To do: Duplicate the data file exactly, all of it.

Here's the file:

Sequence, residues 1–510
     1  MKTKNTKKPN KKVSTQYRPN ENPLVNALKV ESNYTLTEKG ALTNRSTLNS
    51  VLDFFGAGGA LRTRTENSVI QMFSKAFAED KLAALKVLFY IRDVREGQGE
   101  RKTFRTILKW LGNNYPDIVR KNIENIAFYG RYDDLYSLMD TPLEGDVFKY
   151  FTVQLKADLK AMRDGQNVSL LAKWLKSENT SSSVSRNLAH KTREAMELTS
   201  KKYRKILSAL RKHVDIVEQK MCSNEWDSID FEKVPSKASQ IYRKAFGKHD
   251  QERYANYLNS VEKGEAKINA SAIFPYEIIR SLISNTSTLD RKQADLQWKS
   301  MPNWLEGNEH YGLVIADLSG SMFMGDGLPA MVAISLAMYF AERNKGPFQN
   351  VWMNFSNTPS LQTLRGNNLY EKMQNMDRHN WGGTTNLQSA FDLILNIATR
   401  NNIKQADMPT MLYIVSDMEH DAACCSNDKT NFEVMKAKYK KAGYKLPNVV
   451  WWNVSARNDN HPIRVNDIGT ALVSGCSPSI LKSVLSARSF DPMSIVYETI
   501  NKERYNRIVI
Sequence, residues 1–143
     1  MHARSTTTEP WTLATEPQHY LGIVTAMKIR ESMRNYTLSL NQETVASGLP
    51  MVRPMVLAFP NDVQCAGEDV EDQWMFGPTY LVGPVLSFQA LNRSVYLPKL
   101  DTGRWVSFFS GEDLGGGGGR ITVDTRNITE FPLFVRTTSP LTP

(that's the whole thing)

Sequence, residues 1–510
     1  MKTKNTKKPN KKVSTQYRPN ENPLVNALKV ESNYTLTEKG ALTNRSTLNS
    51  VLDFFGAGGA LRTRTENSVI QMFSKAFAED KLAALKVLFY IRDVREGQGE
   101  RKTFRTILKW LGNNYPDIVR KNIENIAFYG RYDDLYSLMD TPLEGDVFKY
   151  FTVQLKADLK AMRDGQNVSL LAKWLKSENT SSSVSRNLAH KTREAMELTS
   201  KKYRKILSAL RKHVDIVEQK MCSNEWDSID FEKVPSKASQ IYRKAFGKHD
   251  QERYANYLNS VEKGEAKINA SAIFPYEIIR SLISNTSTLD RKQADLQWKS
   301  MPNWLEGNEH YGLVIADLSG SMFMGDGLPA MVAISLAMYF AERNKGPFQN
   351  VWMNFSNTPS LQTLRGNNLY EKMQNMDRHN WGGTTNLQSA FDLILNIATR
   401  NNIKQADMPT MLYIVSDMEH DAACCSNDKT NFEVMKAKYK KAGYKLPNVV
   451  WWNVSARNDN HPIRVNDIGT ALVSGCSPSI LKSVLSARSF DPMSIVYETI
   501  NKERYNRIVI
Sequence, residues 1–143
     1  MHARSTTTEP WTLATEPQHY LGIVTAMKIR ESMRNYTLSL NQETVASGLP
    51  MVRPMVLAFP NDVQCAGEDV EDQWMFGPTY LVGPVLSFQA LNRSVYLPKL
   101  DTGRWVSFFS GEDLGGGGGR ITVDTRNITE FPLFVRTTSP LTP